I read my friend Dyana’s Art House America essay about her brother “definitely going to prison, and probably for a long time,” and the air went out of my chest. The fear and anger and helplessness were so heavy, almost palpable. I had to turn away from the essay a couple of times during the reading and just look at nothing and breathe.
Sweet quirky Dyana. Her brother. No.
I remember the long shuttle ride from an MFA residency to the airport I took with Dyana several years ago during which she told me about her brother: he was in some trouble, but he was a good kid and she loved him. “I think you guys would like each other,” she said to me. I thought we probably would.
Now he is in prison, probably for a very long time. Dyana has occasionally lashed out angrily at the system, for making her brother feel like less than a human being, for making her and her family feel helpless before a massive, Kafkaesque justice system. I see her posts, and I too get angry.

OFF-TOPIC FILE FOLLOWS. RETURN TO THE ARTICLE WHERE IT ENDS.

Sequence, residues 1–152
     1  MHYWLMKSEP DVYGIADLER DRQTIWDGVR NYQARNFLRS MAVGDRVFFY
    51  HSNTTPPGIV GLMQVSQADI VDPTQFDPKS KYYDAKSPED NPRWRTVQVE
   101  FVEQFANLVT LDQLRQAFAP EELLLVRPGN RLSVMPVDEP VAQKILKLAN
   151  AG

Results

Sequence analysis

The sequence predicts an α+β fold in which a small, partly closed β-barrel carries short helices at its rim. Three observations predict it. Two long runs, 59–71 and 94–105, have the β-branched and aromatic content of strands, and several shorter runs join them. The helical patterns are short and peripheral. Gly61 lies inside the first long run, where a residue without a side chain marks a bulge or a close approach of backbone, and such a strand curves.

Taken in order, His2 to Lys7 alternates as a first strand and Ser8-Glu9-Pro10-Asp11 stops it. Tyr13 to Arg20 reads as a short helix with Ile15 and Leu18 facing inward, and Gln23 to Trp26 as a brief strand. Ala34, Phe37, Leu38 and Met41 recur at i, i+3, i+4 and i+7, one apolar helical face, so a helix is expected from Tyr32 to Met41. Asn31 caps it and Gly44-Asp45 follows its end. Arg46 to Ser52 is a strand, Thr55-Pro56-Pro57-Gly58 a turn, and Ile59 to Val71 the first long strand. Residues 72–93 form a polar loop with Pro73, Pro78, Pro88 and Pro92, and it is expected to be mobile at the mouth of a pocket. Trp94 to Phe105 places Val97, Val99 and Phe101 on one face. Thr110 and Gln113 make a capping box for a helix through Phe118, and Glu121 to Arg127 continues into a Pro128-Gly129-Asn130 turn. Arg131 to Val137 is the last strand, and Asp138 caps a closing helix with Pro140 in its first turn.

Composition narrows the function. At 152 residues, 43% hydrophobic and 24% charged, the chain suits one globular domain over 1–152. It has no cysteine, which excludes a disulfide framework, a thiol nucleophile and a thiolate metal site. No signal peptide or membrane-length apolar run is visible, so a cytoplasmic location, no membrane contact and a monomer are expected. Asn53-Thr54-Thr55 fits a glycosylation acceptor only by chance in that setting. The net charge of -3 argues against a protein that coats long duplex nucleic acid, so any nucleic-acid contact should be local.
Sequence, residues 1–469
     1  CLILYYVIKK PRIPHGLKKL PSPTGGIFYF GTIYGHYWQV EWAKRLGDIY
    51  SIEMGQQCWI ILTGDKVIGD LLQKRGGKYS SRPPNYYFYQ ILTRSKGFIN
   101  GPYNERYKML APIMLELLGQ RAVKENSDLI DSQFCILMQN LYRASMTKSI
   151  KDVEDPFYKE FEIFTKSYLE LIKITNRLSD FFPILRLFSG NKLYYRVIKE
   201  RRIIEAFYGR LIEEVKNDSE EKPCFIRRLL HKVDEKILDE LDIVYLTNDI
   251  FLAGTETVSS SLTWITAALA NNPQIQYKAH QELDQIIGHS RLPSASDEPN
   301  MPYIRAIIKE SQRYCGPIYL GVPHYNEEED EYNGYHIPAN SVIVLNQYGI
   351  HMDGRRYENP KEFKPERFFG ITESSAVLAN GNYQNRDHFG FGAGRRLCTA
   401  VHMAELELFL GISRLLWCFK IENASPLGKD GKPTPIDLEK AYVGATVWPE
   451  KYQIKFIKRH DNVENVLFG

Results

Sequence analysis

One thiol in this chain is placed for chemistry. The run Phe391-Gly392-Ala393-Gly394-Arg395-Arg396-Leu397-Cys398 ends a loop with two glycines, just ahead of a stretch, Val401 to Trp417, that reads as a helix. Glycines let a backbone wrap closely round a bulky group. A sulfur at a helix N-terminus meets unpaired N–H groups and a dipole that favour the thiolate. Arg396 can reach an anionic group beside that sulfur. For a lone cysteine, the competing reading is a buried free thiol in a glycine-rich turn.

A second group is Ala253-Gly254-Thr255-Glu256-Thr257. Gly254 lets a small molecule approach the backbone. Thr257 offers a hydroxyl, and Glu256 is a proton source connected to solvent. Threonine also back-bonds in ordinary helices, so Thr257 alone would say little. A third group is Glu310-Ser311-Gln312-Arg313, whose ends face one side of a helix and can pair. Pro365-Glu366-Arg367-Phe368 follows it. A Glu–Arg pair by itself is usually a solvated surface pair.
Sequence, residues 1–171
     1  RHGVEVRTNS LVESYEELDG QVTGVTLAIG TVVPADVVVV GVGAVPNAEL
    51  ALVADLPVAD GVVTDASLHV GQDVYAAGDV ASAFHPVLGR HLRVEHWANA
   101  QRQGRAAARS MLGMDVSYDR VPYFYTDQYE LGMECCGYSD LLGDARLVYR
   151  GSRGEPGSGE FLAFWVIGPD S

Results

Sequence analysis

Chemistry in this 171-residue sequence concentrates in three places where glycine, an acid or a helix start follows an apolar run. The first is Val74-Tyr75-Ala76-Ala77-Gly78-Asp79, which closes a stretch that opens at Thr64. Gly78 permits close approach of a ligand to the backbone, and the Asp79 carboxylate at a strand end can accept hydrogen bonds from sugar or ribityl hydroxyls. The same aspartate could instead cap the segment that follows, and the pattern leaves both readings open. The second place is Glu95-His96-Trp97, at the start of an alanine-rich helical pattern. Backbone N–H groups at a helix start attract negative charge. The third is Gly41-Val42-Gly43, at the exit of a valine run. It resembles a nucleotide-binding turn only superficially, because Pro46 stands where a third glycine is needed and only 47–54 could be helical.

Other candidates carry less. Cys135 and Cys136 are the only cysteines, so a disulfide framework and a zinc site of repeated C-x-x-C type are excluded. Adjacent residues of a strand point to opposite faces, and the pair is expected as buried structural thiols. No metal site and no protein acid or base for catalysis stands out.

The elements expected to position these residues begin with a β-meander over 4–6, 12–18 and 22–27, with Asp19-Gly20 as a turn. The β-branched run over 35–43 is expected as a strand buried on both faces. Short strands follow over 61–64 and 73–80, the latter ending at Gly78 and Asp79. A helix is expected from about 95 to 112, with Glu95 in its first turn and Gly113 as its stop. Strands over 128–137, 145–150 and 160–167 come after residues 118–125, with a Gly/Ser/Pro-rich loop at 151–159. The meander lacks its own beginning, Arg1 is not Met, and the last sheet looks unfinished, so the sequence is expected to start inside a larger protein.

The circles in which I move these days are full of academics, people who are of as much interest to the local police as the trees lining Rivermont Avenue. If I do a mental checklist of my friends and acquaintances, I cannot think of a single person who has been locked up. The corrections system isn’t something that comes up much.
Only days after Dyana’s essay went live, my wife and I watched the documentary The House I Live In, an indictment of both the so-called War on Drugs and the for-profit prison system. Among other things, the movie argues persuasively that the war on drugs is not primarily about drugs at all, but is a powerful machine for controlling minorities and the poor.